Resilience and Adaptive Capacity of Aquatic Environmental Law in the EU: An Evaluation and Comparison of the WFD, MSFD, and MSPD
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CitationSoininen, Niko. Platjouw, Froukje. (2018). Resilience and Adaptive Capacity of Aquatic Environmental Law in the EU: An Evaluation and Comparison of the WFD, MSFD, and MSPD. The Ecosystem Approach in Ocean Planning and Governance, 87, 17-79. 10.1163/9789004389984_003.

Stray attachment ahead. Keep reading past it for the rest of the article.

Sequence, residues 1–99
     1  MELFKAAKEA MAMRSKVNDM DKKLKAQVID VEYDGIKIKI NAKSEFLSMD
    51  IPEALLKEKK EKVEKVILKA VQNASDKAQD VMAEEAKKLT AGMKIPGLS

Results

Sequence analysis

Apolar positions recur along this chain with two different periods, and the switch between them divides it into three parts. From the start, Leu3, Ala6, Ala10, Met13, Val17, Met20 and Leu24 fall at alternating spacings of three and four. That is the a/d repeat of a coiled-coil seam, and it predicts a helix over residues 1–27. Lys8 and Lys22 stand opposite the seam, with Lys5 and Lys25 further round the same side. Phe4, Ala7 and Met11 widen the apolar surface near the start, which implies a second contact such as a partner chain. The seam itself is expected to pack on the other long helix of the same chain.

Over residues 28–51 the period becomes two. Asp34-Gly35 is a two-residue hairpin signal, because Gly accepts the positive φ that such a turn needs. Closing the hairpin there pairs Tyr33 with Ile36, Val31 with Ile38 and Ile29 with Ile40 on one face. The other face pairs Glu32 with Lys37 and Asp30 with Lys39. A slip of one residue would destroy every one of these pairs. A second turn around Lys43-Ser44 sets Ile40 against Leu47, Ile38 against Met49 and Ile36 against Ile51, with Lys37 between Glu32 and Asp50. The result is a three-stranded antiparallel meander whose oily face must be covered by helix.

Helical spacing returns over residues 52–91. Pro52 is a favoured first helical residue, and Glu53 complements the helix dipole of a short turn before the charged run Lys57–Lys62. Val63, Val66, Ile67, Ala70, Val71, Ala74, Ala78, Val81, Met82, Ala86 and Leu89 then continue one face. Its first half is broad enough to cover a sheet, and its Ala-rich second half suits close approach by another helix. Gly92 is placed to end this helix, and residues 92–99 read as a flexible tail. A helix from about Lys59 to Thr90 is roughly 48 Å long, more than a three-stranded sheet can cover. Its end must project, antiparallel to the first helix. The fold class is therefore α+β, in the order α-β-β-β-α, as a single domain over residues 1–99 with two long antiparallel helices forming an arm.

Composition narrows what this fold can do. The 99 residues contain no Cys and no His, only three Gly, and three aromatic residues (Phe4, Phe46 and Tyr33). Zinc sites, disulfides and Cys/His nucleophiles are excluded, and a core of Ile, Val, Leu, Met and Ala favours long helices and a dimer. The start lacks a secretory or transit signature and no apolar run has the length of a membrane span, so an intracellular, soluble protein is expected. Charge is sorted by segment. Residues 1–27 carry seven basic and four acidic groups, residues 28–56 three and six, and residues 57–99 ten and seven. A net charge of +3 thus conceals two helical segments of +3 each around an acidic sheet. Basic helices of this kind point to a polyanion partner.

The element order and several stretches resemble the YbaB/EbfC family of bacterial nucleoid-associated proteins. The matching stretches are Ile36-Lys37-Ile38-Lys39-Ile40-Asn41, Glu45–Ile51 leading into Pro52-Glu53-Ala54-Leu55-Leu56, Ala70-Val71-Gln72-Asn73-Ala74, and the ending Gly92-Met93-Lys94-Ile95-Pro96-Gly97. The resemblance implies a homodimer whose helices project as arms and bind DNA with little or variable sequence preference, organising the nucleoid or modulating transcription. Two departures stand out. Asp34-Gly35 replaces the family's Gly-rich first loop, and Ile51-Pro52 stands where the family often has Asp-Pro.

This chapter focuses on the resilience and adaptive capacity of aquatic environmental law in the EU. Geographically, the analysis covers an ecological continuum from a river basin to the sea. The chapter begins by studying the linkages between resilience, adaptivity and the rule of law, and continues by seeking to systematise criteria for evaluating resilience and adaptive capacity of regulatory instruments. Three important EU directives are evaluated and compared in light of these criteria: the Water Framework Directive (WFD), the Marine Strategy Framework Directive (MSFD) and the Maritime Spatial Planning Directive (MSPD). All three directives have adopted what is commonly referred to as a programmatic approach. In a nutshell, this means that cyclical and evolving plans and programmes are used as primary tools for attaining environmental goals. This is in line with a widely-accepted view that one of the main mechanisms for achieving the ecosystem approach is adaptive management (and planning). The chapter argues that the three directives differ in the way they seek to fulfil the ecosystem approach, as well as in their degree of resilience and adaptive capacity. Procedurally the three directives share many common traits, but in terms of substance, enforceability and coherence the WFD is a more balanced mix of resilience and adaptive capacity than the MSFD and the MSPD, provided that the flexibility mechanisms set in the directive are not over- or underutilised.